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Conversion to total hip arthroplasty in posttraumatic arthritis: short-term clinical outcomes

Authors Taheriazam A, Saeidinia A

Received 22 August 2018

Accepted for publication 6 December 2018

Published 4 February 2019 Volume 2019:11 Pages 41—46

DOI https://doi.org/10.2147/ORR.S184590

Checked for plagiarism Yes

Review by Single-blind

Peer reviewer comments 2

Editor who approved publication: Professor Clark Hung


Afshin Taheriazam,1 Amin Saeidinia2,3

1Department of Orthopedics Surgery, Tehran Medical Sciences Branch, Islamic Azad University, Tehran, Iran; 2Faculty of Medicine, Guilan University of Medical Sciences, Rasht, Iran; 3Medical Faculty, Mashhad University of Medical Sciences, Mashhad, Iran

Background: Fractures of the acetabulum are challenging and very difficult to treat, and even after fixation, they can lead to posttraumatic arthritis. Total hip arthroplasty (THA) has been the most common surgery performed for the complications of posttraumatic arthritis in this group of patients.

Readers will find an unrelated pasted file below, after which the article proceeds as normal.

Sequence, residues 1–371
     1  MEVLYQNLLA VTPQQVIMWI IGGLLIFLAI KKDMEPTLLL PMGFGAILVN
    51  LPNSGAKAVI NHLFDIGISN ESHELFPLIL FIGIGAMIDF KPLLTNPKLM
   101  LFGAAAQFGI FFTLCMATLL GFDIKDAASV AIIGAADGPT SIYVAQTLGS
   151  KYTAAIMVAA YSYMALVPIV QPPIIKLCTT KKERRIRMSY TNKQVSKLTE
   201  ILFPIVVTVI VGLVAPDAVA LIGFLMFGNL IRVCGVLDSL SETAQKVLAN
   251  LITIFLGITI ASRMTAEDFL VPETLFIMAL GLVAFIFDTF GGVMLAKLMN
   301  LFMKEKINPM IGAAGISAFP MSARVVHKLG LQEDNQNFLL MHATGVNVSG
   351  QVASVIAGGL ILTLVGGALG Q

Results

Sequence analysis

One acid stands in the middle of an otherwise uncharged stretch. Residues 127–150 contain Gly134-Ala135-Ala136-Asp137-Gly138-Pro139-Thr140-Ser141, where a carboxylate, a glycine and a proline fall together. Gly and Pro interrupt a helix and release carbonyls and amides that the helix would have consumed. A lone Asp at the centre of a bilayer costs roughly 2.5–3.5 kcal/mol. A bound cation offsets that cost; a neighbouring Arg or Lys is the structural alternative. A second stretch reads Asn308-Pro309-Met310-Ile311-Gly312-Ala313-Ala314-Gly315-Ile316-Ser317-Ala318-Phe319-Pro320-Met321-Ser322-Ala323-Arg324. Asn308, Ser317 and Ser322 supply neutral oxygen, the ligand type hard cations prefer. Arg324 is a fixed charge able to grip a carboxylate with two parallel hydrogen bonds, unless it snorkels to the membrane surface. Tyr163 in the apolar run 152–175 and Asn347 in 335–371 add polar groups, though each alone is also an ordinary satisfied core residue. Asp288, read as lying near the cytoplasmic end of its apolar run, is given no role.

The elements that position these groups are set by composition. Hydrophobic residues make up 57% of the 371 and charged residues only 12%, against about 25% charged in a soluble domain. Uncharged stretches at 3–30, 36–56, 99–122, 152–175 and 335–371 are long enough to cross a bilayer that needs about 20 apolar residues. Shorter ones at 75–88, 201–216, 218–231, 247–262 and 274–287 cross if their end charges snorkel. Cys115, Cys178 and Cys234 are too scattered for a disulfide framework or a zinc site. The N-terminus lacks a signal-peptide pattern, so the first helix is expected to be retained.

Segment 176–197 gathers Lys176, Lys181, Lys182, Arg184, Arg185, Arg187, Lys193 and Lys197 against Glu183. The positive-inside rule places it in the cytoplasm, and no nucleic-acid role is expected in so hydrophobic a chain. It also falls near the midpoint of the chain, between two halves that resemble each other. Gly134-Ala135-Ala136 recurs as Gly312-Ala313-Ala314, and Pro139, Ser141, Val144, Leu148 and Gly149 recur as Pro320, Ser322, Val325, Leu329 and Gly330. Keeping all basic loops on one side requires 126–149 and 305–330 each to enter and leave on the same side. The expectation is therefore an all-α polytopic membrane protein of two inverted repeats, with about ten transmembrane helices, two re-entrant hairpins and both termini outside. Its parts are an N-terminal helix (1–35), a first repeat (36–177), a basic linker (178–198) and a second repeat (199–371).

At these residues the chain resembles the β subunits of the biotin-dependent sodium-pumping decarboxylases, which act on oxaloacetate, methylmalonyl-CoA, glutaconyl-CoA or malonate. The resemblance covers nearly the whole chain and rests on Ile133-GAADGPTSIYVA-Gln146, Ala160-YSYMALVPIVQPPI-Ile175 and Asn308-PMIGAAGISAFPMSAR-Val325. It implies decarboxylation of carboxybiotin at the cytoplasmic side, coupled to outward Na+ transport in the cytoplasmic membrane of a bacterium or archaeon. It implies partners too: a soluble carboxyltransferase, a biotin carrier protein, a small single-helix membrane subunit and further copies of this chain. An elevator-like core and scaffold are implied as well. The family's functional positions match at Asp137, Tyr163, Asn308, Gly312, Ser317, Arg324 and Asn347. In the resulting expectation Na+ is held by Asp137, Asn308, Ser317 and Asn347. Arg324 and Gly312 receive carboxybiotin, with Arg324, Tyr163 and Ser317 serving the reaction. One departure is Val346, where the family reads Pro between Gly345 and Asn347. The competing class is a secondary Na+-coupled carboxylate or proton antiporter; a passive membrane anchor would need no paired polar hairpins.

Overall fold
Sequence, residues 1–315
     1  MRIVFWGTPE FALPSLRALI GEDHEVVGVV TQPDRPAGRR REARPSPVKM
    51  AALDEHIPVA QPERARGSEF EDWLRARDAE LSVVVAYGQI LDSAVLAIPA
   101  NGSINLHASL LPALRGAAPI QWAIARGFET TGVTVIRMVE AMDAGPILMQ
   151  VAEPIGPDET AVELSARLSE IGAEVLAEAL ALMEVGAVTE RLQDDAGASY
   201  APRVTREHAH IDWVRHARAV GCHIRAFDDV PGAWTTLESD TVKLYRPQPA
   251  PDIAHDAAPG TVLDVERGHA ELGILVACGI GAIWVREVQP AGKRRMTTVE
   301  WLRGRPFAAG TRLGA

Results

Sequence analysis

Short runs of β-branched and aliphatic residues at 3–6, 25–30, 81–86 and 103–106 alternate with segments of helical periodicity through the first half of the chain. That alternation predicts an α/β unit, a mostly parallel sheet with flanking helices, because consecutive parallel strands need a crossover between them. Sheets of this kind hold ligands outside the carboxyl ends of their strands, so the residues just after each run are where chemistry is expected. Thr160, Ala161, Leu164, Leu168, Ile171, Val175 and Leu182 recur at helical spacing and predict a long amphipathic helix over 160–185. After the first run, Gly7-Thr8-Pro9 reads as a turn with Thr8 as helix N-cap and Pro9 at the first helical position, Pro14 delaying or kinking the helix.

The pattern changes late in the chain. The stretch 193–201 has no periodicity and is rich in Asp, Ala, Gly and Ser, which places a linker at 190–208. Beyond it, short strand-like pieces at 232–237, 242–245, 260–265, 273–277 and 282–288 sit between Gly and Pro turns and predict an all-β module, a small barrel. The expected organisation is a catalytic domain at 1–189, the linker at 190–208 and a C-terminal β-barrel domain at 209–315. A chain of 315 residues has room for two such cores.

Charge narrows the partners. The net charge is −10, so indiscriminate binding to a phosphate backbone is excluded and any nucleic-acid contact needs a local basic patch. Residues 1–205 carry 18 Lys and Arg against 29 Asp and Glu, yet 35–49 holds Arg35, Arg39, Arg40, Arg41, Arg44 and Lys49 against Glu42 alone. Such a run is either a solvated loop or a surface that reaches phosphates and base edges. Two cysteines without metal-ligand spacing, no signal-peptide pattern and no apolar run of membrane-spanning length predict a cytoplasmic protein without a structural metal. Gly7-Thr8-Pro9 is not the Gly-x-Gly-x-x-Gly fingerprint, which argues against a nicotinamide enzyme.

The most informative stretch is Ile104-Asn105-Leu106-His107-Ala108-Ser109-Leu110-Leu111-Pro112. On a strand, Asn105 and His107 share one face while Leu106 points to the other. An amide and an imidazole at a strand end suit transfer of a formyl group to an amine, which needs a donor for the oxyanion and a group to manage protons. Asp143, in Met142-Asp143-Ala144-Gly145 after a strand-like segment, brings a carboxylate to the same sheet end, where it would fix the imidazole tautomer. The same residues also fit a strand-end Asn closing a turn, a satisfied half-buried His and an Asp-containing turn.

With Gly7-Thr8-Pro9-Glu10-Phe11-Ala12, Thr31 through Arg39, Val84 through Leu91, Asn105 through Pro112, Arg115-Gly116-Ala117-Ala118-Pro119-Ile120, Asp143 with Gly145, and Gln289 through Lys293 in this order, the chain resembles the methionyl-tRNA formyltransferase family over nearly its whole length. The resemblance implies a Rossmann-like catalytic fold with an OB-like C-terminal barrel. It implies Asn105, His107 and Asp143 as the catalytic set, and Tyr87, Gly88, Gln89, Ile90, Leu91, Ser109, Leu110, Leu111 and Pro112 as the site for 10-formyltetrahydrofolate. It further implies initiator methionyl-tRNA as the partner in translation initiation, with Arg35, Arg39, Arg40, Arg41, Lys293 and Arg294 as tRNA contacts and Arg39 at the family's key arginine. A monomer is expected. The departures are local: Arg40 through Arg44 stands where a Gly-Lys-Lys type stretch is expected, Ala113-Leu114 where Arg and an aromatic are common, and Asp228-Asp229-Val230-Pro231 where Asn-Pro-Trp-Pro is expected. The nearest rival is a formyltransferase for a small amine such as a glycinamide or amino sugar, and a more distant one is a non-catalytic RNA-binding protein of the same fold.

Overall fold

Aim: In this article, it is aimed to assess the functional results and complications of the conversion to THA for posttraumatic arthritis after acetabular fracture.
Patients and methods: Forty-nine patients were followed up for a mean of 3.7 years (range 2–5 years). The complications included four cases of sciatic nerve palsy, all of which had injury during the first operation. Two cases underwent two-stage surgery because of infection which was demonstrated by a high level of erythrocyte sedimentation rate/C-reactive protein and according to frozen section samples, which were sent intraoperatively with >10 neutrophil/high-power field; one case was then managed by a one-stage protocol for infection after THA was infected with methicillin-resistant Staphylococcus aureus. In 1 case, we used the Girdlestone operation for severe infections and uncontrolled diabetes; in 2 cases, we used cages; and in 47 cases, we used uncemented cups.